Technology Inceptions: NASA's Chandra X-ray Observatory back in action  |  Science Innovations: GenNext Solar Cells with Record-breaking efficiency invented  |  Science Innovations: Canadian researchers develop world’s fastest camera   |  Science Innovations: Scientists discover “ultra-stripped supernova”, the origin of gold and platinum   |  Parent Interventions: Why do bees stop buzzing during a total solar eclipse?   |  Parent Interventions: Lie detection is not an easy task  |  Teacher Insights: Can we learn while sleeping?  |  Teacher Insights: Sitting up straight boosts math performance  |  Science Innovations: Engineers design molecules that store thermal energy   |  Technology Inceptions: Russia May Bring Forward Manned Launch After Rocket Failure  |  Technology Inceptions: New Nokia Smartphone's India Launch Expected Today, how to Watch Live Stream  |  Science Innovations: Kahne Lab prepares to combat superbugs   |  Teacher Insights: False beliefs die hard  |  Science Innovations: New wayto convert metals to superconductors  |  Technology Inceptions: Willmott Dixon Trials 'Bionic' Vest  |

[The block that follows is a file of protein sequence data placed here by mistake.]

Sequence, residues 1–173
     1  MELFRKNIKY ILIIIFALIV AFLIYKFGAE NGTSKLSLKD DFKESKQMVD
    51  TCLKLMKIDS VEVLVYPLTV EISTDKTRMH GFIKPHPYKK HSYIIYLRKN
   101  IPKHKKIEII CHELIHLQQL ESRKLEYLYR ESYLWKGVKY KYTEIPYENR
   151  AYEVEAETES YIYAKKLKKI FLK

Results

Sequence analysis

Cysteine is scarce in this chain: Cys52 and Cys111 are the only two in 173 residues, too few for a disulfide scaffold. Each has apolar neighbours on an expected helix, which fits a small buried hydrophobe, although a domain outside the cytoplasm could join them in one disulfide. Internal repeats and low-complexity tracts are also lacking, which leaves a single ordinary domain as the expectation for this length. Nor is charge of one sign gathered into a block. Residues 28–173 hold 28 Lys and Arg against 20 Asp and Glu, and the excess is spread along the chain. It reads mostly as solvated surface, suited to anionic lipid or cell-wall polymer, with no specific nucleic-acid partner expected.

• Pallikkutam Magazine
  • Companion Magazine
  • Mentor
  • Smart Board

May 16, 2018 Wednesday 01:11:47 PM IST
How Moms Can Cultivate Positive Emotions

California: A new study by Cynthia Smith and Alise Stephens suggests that cultivating positive emotions may buffer moms from its impact on their parenting.

The study found that highly stressed moms of preschoolers were less likely to be sensitive toward their kids four years later—if they also demonstrated lower positive emotions during play. But high positive emotions seemed to mitigate this link: Among happier moms, stress and parental sensitivity were not related. This difference suggests that high positive emotions act as a protective buffer. 

Moreover, the levels of positive emotions kids showed with their moms were not associated with moms’ parenting sensitivity, which suggests that moms’ feelings were not merely a reflection of their children’s. 

“Positive emotions allow individuals to build up more resources over time,” write Smith and Stephens. “Despite reported feelings of stress, mothers who were higher in positive [emotions] may have been able to draw on these resource reserves when interacting with their children.” 

Although parenting stress may be ever-present, this research suggests that building up positive emotion reserves helps moms to support their kids without sacrificing their individual well-being.

(Source: journals.sagepub.com)


Comments